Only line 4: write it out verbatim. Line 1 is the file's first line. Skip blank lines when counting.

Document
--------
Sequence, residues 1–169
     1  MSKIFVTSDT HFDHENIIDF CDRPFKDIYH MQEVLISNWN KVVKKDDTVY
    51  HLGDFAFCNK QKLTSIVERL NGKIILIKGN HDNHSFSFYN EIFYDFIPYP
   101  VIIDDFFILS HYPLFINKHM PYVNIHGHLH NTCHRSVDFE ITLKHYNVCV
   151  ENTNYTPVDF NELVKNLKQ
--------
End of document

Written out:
   101  VIIDDFFILS HYPLFINKHM PYVNIHGHLH NTCHRSVDFE ITLKHYNVCV